“The size of the rink — less time, you’ve got to make quicker decisions,” said Persson. “You Canadians love hockey and are really passionate about it. Totally different game from what I’m used to, so intense, so fast, but it was a good year.”
Some of the Swedish prospects will be returning to Sweden next season, including Lekkerimäki, while others will be in North America. Åman and Karlsson will be challenging to make the Canucks out of camp and are willing to do what it takes to get there.
“I was in the World Championship with Sweden and there I played on the fourth line and took a lot of faceoffs in the defensive zone,” said Åman. “I want to bring that here too.”
“I want to do as many things as I can,” said Karlsson. “If I’m going to play PK or five minutes every game in the NHL, I’m gonna do that. I play where the coach tells me to play.”
For those returning to Sweden, they'll get some personal attention from Samuelsson, who will be handling the Canucks' player development in Europe.
"He checked in and informed me what his job will be," said Forsell. "When the season starts, we're gonna get into my game more. For now, we've just had small talk."
As for Persson, he's still unsure where he’ll be in the coming year.
“Not decided yet. I’m still waiting it out to see what happens. I’m not too worried about it,” said Persson. “I’m too old for the Blazers now. I don’t want to know too much — my agent is doing that stuff. I just want to focus on getting ready for the season — when there’s a paper to sign, I’ll sign it.”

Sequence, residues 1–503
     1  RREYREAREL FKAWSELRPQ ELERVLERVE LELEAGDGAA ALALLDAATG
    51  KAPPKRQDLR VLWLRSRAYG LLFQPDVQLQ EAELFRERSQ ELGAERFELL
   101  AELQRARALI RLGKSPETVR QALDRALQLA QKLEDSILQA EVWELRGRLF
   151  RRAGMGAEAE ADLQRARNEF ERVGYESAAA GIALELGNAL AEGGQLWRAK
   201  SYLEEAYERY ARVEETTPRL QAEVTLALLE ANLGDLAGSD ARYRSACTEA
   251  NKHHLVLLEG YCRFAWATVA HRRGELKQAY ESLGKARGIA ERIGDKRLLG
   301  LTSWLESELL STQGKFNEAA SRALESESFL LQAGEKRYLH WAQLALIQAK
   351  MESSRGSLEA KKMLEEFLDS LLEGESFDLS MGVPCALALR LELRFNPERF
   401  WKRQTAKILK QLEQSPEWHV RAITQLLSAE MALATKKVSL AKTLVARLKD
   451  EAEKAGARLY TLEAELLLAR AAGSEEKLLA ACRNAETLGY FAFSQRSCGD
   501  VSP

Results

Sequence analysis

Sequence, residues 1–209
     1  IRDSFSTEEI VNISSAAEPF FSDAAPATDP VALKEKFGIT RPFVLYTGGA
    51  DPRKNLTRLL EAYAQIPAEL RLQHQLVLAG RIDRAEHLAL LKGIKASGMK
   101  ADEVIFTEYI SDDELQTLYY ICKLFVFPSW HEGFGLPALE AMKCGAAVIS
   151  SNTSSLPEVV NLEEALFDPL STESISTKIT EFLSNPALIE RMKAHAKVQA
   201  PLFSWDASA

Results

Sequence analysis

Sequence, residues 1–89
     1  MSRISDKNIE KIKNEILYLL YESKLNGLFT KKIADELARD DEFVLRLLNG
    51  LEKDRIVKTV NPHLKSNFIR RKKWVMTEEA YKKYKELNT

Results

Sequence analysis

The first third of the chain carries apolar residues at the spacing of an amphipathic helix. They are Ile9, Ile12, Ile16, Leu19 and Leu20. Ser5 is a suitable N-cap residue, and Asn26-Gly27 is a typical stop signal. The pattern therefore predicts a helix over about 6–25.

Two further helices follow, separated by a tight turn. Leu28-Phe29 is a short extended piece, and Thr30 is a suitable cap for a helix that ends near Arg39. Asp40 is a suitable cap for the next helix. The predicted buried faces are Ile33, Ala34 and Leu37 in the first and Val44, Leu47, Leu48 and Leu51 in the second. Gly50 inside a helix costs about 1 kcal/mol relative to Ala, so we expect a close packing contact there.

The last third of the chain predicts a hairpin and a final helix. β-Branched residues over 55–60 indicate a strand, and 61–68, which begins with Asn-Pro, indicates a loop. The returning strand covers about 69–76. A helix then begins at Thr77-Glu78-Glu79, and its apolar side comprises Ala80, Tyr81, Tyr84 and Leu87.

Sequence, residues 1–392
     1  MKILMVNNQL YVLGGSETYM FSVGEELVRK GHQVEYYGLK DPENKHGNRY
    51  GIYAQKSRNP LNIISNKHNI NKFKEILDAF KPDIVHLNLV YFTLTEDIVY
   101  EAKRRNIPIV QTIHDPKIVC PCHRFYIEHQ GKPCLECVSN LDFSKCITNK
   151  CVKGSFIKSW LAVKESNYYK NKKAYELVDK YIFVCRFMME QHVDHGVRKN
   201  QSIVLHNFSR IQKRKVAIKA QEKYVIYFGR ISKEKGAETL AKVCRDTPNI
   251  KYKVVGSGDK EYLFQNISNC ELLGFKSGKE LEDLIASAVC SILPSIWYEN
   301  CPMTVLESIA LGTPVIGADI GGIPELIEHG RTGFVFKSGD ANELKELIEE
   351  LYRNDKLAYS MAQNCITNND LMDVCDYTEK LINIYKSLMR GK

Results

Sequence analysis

"There's one Finn here that talks Swedish."
It’s not all Team Sweden at development camp, of course. Finland has a bit of representation as well.
Sweden has a storied rivalry with Finland but the two lone Finns — goaltender Aku Koskenvuo and defenceman Joni Jurmo, are badly outnumbered. Fortunately, there’s no bad blood.
“There’s a lot of Swedes here but we’re getting along with them,” said Aku Koskenvuo. “They speak pretty good English and they’re really nice guys.”
In fact, Jurmo caught some of his fellow Canucks prospects off guard.
“Actually, there’s one Finn here that talks Swedish,” said Åman. “Jurmo — he’s really good at Swedish, so that’s fun.”
“I got surprised!” said Johansson “We were on the bus and he started to talk Swedish to me. Like, ‘Oh, are you not Finnish?’ A few of the Finnish guys know Swedish — I don’t know, maybe they want to be like us. So we have 11 Swedish-speaking guys, plus all the staff.”
Maybe it shouldn’t be surprising Jurmo is attempting to look a little more Swedish. It might get him a little bit more attention.
Given the Canucks’ history with Swedish stars, perhaps this new wave of Swedish prospects will provide the foundation for some future success.
Swedish Prospects at Canucks Camp
- Nils Åman
- Arvid Costmar
- Lucas Forsell
- Hugo Gabrielsson
- Filip Johansson
- Linus Karlsson
- Jonathan Lekkerimäki
- Jonathan Myrenberg
- Elias Pettersson
- Viktor Persson